The Wall Street Journal continues its in-depth report, “What They Know,” about the state of surveillance in the United States and how these surveillance programs affect individual privacy. In the latest installment, the Journal takes a look at companies that gather data by “scraping” or copying Web sites, including private online forums such as PatientsLikeMe, where people discuss their medical problems:
PatientsLikeMe managed to block and identify the intruder: Nielsen Co., the privately held New York media-research firm. Nielsen monitors online “buzz” for clients, including major drug makers, which buy data gleaned from the Web to get insight from consumers about their products, Nielsen says.
“I felt totally violated,” says Bilal Ahmed, a 33-year-old resident of Sydney, Australia, who used PatientsLikeMe to connect with other people suffering from depression. […]
After PatientsLikeMe told users about the break-in, Mr. Ahmed deleted all his posts, plus a list of drugs he uses. “It was very disturbing to know that your information is being sold,” he says. Nielsen says it no longer scrapes sites requiring an individual account for access, unless it has permission.
The market for personal data about Internet users is booming, and in the vanguard is the practice of “scraping.” Firms offer to harvest online conversations and collect personal details from social-networking sites, résumé sites and online forums where people might discuss their lives. […]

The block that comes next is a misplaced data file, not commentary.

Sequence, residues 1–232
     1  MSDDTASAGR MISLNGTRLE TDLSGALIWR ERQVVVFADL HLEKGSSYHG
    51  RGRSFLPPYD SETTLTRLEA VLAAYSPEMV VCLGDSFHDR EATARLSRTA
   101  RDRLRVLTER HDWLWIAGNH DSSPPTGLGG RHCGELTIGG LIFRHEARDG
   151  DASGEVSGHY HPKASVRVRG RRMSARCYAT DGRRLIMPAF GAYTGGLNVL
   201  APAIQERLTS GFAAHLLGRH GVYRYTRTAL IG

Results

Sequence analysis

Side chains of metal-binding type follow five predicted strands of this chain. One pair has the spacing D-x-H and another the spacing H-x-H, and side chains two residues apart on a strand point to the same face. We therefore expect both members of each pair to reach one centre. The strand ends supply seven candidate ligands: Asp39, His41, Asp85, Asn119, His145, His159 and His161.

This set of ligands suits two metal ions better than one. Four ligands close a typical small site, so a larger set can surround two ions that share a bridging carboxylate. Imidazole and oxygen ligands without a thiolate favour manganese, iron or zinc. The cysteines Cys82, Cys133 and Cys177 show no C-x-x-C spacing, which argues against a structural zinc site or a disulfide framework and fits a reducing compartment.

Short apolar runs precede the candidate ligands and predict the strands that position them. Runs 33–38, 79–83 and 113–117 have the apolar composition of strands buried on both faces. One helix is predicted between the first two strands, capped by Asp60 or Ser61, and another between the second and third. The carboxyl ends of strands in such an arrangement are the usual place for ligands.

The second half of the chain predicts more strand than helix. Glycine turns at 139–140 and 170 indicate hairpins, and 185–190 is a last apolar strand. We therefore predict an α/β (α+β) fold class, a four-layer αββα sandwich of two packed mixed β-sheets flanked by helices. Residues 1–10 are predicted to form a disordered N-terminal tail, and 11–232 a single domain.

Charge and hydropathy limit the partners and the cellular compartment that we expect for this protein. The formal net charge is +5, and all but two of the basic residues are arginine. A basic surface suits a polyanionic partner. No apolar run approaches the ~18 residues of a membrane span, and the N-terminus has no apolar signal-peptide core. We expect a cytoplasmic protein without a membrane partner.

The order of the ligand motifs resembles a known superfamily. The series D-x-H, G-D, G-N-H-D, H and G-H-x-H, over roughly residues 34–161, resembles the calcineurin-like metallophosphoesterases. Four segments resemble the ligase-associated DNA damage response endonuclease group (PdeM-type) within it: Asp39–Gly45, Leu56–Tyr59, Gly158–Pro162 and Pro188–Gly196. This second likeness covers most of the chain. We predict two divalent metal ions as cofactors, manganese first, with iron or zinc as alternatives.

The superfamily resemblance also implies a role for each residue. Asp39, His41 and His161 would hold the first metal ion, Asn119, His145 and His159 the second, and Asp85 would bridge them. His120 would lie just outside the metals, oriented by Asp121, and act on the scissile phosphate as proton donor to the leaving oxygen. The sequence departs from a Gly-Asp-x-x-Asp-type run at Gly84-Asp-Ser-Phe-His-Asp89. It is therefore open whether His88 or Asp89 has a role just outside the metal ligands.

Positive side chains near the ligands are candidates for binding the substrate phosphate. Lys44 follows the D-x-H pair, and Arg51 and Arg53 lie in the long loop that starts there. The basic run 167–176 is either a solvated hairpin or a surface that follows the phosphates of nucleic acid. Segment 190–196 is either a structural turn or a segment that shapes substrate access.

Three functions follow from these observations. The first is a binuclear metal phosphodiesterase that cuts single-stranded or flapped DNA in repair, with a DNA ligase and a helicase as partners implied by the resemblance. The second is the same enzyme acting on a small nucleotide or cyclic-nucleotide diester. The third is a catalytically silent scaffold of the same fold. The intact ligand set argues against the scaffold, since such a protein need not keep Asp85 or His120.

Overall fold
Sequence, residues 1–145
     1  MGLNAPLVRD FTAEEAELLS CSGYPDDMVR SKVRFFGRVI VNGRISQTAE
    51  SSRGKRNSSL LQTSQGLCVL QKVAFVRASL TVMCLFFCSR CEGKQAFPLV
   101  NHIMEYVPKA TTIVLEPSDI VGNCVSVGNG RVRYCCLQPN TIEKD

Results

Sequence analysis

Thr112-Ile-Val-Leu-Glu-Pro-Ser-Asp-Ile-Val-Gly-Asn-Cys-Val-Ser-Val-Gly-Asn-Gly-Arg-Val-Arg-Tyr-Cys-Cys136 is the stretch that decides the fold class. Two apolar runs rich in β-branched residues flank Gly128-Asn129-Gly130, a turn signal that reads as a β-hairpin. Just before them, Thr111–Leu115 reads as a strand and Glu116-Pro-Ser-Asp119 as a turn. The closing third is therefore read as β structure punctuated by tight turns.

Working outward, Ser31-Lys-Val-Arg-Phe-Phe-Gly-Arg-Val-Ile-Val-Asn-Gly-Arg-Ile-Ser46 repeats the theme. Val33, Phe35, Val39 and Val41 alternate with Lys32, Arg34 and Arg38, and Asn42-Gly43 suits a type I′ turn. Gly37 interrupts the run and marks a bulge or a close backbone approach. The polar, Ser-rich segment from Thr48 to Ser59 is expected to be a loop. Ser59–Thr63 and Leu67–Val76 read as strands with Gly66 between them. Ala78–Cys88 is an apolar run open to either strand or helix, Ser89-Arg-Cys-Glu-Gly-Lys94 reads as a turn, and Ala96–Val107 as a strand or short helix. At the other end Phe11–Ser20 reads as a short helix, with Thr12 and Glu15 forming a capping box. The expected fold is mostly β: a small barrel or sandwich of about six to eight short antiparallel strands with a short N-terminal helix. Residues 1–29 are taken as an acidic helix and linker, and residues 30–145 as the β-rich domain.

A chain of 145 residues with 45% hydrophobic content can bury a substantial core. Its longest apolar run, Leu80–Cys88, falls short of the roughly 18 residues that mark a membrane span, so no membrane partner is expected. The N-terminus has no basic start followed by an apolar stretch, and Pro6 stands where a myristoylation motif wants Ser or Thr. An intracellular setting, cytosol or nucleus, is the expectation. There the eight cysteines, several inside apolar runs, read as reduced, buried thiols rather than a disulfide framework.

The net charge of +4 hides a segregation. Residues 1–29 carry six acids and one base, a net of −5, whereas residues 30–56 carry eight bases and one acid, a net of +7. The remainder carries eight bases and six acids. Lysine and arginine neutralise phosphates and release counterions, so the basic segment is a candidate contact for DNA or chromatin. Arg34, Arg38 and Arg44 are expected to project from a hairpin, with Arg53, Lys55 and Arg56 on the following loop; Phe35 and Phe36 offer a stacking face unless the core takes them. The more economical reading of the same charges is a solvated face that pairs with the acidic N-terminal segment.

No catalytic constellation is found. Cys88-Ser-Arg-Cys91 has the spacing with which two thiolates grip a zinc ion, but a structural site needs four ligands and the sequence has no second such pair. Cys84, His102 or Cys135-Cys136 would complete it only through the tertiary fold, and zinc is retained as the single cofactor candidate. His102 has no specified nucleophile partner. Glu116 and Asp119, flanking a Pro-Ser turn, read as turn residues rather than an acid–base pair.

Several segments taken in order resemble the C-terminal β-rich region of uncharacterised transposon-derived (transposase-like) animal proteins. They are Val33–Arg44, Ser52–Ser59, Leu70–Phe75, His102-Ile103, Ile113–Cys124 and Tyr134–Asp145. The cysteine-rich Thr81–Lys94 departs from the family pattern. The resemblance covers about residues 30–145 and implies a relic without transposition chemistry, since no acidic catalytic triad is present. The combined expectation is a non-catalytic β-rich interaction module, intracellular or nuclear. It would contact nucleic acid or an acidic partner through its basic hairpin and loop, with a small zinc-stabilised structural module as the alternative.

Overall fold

Some companies collect personal information for detailed background reports on individuals, such as email addresses, cell numbers, photographs and posts on social-network sites.
Others offer what are known as listening services, which monitor in real time hundreds or thousands of news sources, blogs and websites to see what people are saying about specific products or topics. […]
Internet users often have little recourse if personally identifiable data is scraped: There is no national law requiring data companies to let people remove or change information about themselves, though some firms let users remove their profiles under certain circumstances.